ROCHESTER, Illinois — For America’s farmers, the bad news just keeps coming. They’ve already been dealing with the fallout from the Trump administration’s trade war with China, which destroyed the market for American soybeans and hurt other crops as well. And now, they’re in the middle of the most catastrophic planting season in living memory. Months of rain have drowned fields across the country.
In late May, farmers found out they’ll be getting a total of $15 billion in aid from the Trump administration this year to compensate them for the tariff fallout, following $12 billion in aid last year. That will obviously help. But spread out across the country, it’s actually not a huge amount of money. Last year, for instance, a normal 80-acre soybean field was worth about $5,000 in compensation. And the fact that the aid is necessary is a sign of how hard the trade war is hitting — China just put all orders for American soybeans on hold.
Then there’s the weather, which has made it a huge challenge just to get fields planted. The season started with bomb cyclones and flooding, and then months of rain.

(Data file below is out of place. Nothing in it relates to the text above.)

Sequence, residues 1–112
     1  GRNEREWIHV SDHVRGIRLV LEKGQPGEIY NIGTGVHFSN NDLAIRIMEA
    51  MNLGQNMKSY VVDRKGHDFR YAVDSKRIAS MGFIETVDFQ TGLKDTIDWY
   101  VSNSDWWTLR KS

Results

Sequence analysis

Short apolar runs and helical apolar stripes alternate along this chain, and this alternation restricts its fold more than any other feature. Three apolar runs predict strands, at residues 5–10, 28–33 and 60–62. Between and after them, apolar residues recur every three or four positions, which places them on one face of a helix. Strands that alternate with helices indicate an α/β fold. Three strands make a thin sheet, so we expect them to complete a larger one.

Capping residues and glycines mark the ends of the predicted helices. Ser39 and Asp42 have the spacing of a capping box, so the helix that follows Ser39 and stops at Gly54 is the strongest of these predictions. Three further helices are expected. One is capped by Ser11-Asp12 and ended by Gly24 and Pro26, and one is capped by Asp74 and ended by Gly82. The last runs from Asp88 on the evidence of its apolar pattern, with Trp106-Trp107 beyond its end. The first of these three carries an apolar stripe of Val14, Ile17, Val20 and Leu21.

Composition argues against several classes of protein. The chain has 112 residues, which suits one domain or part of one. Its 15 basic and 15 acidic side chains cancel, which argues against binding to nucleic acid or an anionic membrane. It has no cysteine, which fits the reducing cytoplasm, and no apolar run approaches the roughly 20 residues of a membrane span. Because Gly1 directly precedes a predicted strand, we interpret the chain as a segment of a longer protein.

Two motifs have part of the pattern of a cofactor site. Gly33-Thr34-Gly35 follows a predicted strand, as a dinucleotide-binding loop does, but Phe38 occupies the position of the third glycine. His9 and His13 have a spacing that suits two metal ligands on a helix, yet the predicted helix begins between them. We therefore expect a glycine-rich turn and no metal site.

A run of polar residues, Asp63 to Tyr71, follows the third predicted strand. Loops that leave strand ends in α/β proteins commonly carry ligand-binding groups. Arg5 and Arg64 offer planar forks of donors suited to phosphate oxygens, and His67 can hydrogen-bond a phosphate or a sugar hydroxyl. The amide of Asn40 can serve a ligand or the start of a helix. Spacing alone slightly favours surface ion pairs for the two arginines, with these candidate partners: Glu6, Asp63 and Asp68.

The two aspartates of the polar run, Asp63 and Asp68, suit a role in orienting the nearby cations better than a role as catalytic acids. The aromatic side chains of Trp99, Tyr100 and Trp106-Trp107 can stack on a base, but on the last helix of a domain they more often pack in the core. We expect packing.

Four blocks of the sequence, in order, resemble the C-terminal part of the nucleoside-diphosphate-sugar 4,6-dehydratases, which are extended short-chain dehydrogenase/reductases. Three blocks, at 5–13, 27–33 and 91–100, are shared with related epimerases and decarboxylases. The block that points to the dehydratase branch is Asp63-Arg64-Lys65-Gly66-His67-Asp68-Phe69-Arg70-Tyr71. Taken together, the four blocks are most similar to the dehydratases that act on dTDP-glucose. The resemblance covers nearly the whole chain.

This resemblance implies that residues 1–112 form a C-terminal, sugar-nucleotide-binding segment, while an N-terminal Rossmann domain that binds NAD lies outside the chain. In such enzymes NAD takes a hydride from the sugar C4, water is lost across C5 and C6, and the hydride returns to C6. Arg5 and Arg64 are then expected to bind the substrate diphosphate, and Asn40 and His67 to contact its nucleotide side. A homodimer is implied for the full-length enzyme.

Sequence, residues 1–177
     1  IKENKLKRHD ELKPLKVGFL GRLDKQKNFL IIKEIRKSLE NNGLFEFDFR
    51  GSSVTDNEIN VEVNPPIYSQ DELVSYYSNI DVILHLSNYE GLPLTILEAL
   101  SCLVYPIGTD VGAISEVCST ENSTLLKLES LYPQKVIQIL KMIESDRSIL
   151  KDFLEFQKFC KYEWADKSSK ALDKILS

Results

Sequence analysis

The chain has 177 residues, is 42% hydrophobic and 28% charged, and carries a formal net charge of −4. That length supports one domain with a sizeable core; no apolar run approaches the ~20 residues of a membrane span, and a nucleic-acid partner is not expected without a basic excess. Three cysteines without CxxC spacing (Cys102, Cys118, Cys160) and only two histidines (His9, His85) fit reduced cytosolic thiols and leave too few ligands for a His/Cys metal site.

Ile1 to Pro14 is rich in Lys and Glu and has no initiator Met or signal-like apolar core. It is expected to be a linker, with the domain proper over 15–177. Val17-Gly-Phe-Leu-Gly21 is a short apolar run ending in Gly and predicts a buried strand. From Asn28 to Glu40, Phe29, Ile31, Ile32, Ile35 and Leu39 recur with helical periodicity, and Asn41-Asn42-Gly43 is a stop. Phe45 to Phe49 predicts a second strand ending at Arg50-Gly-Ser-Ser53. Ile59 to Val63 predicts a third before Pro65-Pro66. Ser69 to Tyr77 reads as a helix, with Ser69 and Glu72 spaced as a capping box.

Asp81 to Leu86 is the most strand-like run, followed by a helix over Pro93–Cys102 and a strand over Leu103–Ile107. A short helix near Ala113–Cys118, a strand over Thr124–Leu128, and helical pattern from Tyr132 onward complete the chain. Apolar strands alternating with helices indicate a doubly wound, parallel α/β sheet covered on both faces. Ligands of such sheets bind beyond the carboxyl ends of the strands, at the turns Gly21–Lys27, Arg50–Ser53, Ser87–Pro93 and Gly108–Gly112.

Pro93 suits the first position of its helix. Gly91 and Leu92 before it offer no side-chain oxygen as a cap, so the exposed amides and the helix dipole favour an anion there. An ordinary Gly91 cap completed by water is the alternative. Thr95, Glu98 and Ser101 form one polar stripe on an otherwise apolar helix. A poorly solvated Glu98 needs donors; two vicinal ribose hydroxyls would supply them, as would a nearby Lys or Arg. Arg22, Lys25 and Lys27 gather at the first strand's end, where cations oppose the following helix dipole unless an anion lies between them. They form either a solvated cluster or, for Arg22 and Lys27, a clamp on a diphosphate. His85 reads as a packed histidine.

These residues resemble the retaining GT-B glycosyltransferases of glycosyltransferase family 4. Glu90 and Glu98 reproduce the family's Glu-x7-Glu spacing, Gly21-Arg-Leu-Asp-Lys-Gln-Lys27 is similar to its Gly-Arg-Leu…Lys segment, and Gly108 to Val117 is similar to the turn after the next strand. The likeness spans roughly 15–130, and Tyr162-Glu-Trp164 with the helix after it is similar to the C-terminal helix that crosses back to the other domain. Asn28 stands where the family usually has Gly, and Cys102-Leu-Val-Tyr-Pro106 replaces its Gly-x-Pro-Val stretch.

"We've got a perfect storm going on in agriculture right now. We had 10 years of prosperity, and now we have the weather throwing us the biggest curveball maybe in the last 50 years," farmer Dave Ramsey told VICE News. "On the political side of it, we have the tariff situation in soybeans. And all these things are coming together at one time."
Every state is feeling it, but Illinois has taken a particularly bad hit. About 70 percent of the state’s soy is normally planted by the end of May. This year, just 14 percent is in the ground. Nationally, just half of the cornfields have been planted. It should be more than 90 percent.
It’s especially tough on farmers who invested lots of money when times were better.